Sometimes your app can be so simple that you might think that emulator testing is sufficient. For instance, if all your app does is fetch listings from a website and update the ones favored by the user, it can be testing quickly and completely in the emulator. But we suggest not doing it. A real device is a can of worms that can expose your app in very unexpected ways (Tapjacking and Bluejacking come to mind). Therefore, always, always test on a real device, and if possible, test on multiple devices.
#7 Not testing on all supported versions
Version fragmentation in Android breaks many a developer’s backs, but there seems to be no choice at present. Unless you are developing for a single Android version, your security testing strategy must account for checking your app on all intermediary versions, especially the vulnerable ones. And even if you’re developing for a single version, be aware that security settings can change within minor versions also (e.g., the SYSTEM_ALERT_WINDOW permission, whose default changed between Android 6.0 and 6.0.1).
#8 Not performing static code analysis
Many security vulnerabilities are directly linked to (to put it mildly, crappy) coding. So while it’s absolutely necessary and beneficial to do stress-testing and all that glam, scanning the code can ease a lot of pain. The best thing is, we now have great static code analyzers like Appknox available, which makes the task of checking code even during development brain-dead simple (Trust me you’ll look like a security pro). Don’t want grief? Then use a static analyzer on all of your apps!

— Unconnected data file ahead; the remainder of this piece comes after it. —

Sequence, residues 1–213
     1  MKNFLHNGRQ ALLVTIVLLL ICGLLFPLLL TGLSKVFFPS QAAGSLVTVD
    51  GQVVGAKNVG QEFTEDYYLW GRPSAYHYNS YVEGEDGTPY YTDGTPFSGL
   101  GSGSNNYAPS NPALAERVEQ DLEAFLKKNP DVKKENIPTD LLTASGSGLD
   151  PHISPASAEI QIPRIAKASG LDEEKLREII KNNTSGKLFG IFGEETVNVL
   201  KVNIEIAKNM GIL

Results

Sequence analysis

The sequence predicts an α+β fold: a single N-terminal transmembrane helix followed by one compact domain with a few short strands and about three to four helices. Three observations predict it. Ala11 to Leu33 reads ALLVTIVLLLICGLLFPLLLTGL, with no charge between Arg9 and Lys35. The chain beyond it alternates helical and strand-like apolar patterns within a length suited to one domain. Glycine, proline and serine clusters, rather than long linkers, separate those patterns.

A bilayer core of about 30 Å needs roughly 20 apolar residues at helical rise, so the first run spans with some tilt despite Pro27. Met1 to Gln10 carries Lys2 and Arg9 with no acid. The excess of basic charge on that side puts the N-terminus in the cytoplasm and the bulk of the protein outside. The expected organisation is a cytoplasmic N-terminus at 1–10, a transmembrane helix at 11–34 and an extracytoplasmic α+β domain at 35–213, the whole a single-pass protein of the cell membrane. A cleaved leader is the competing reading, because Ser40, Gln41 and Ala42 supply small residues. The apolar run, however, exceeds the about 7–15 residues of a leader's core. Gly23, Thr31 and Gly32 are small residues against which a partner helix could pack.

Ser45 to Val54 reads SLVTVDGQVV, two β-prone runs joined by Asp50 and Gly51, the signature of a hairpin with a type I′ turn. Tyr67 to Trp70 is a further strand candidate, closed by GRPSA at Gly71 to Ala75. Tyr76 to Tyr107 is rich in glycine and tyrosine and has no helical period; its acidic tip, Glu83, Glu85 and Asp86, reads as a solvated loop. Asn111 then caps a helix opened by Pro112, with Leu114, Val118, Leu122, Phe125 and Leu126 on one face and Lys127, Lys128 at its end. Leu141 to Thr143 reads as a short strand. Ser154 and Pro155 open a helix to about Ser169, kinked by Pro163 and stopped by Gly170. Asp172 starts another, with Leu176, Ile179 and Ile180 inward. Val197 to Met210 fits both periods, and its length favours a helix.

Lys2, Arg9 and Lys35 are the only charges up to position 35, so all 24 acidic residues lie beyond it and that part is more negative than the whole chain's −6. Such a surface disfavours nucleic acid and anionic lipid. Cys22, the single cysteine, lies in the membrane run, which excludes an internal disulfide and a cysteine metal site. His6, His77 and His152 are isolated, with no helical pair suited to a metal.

#9 Ignoring manual testing
The lure of the cloud has engulfed security testers also. The idea that your app is being stress-tested in the cloud by simulating thousands of devices instantly is both powerful and seductive. We aren’t taking away anything from cloud-based testing of apps, but nothing can replace manual testing. Doing something unexpected and thinking of clever (or dumb) ways to use the app and break it down are invaluable. Never count out manual testing, and make sure a good chunk of your time and energy is reserved for it.
#10 Aiming for as many devices as possible
Granted, you want to capture the largest possible market share out there. So you naturally feel like targeting every device on the planet. Our take? Don’t. Unless you are a multi-million dollar company with plenty of resources to throw at a problem, you will do well to optimize your app to a selected set of devices. You will lose some potential market share, sure, but your users will be more loyal in the long run. And don’t be scared of letting users know up front – display the supported devices in bold letters, and the users will thank you for not wasting their time.
#11 Not having a testing strategy
Yup, strategies are boring, but they lead you to victory. Same goes for mobile security testing; there’s so much to cover and so many things to do that it’s easy to get overwhelmed and fall back to a hunt-and-peck technique. But that’s no way to build high-quality, stable apps. As “enterprisey” as it may sound, a document laying down what you are testing in which phase and what your expected outcomes are will help you produce better apps and give you more confidence.
As we always say, mobile app security is a winnable battle. One part of that battle is common sense, and we hope this post on mobile security testing mistakes was able to impart some of it!